They scored a major distribution deal with Capitol Records in 1986, and released MIND: THE PERPETUAL INTERCOURSE that September. It was the band’s first album to gain any conventional exposure, with “Dig It” becoming their first single and video, getting significant play in pockets around the country, including Toronto and Edmonton. “Chainsaw” and “Stairs & Flowers” (complete with dialogue straight out of an excorism) followed as singles, and though none of them set the world on fire, they were hailed by the critics for their textured sound, sparking several knock-off groups, including Nine Inch Nails. They toured for the next two and a half years, making several stops at radio stations throughout Canada, and found themselves on the road throughout North America and Europe. Their 1987 show at Toronto’s Concert Hall was released on VHS in ’89 and two years later on disc as AIN’T IT DEAD YET?
1987’s CLEANSE FOLD AND MANIPULATE album came and went without a whimper, though embraced by the hardcore fans. “The Mourn” was based on the horror film, “Flower of Flesh and Blood,” while “Draining Faces” was later used in the “Blair Witch Project” soundtrack. Touring was limited, as members were also engaged in outside projects, including the start of Key and Goettel’s involement with The Tear Garden (a collaboration with British-based Legendary Pink Dots) – both in the studio and on stage.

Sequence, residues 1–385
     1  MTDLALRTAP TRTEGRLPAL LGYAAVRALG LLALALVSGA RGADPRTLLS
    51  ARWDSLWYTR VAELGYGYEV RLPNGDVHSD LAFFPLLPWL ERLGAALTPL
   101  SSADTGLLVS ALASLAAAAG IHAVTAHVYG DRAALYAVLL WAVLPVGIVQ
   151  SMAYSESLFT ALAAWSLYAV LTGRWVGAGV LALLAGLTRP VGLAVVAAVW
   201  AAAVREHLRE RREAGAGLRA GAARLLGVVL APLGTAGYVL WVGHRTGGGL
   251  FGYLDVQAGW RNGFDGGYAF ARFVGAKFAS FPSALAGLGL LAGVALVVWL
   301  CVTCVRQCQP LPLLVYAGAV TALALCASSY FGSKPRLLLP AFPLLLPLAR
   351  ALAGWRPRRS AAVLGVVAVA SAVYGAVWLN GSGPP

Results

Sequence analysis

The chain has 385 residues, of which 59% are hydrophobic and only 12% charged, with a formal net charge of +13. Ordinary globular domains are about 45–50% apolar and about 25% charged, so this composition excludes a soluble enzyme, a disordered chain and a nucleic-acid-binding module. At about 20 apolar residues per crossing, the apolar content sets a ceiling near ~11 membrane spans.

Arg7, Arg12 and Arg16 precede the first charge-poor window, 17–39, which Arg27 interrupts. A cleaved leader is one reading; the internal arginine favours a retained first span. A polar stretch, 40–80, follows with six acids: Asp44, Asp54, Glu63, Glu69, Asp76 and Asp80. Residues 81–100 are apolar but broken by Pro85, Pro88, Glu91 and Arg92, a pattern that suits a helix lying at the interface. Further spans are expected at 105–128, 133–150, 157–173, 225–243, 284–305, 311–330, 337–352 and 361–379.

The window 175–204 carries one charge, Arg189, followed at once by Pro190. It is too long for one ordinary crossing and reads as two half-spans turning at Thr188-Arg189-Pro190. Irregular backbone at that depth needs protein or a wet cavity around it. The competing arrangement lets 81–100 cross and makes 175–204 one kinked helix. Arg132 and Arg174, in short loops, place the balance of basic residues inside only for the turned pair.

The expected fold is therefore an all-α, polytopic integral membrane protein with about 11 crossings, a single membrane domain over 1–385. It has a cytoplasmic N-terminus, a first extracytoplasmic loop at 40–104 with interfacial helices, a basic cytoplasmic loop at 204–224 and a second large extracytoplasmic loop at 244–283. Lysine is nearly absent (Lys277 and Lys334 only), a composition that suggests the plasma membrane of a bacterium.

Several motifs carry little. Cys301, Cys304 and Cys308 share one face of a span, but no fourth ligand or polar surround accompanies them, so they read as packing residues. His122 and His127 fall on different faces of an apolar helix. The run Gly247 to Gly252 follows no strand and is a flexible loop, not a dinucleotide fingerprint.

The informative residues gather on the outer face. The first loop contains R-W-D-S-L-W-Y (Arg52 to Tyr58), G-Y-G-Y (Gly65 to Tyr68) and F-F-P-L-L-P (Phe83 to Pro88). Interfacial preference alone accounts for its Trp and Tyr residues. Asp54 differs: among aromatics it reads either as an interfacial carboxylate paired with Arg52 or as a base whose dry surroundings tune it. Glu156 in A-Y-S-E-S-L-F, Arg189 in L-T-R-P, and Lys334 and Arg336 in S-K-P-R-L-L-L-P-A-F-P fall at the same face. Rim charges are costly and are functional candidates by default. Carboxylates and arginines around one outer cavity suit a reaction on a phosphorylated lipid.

They found time to hit the studios for their own projects again in early ’88, releasing VIVISECTVI that fall. An element of the band’s music that set them apart from Images In Vogue was Key’s choice of topics, this time dealing with many social and environmental issues, everything from pollution in “Harsh Stone White” to animal research in “Testure” – to chemical warfare in “VX Gas Attack.” The album’s aggression was a departure in many ways to the band’s previous efforts, as well, filled with what would become their trademark samplings throughout the album. The lead-off “Dogshit” was released as the first single, but due to obvious reasons had to be changed, to “Censor.” Another North American tour was undertaken, but wasn’t without controversy, when a Cincinnati audience member called the police after thinking Ogre was dissecting a real dog on stage. Key and Ogre were arested for disorderly conduct, but were later released.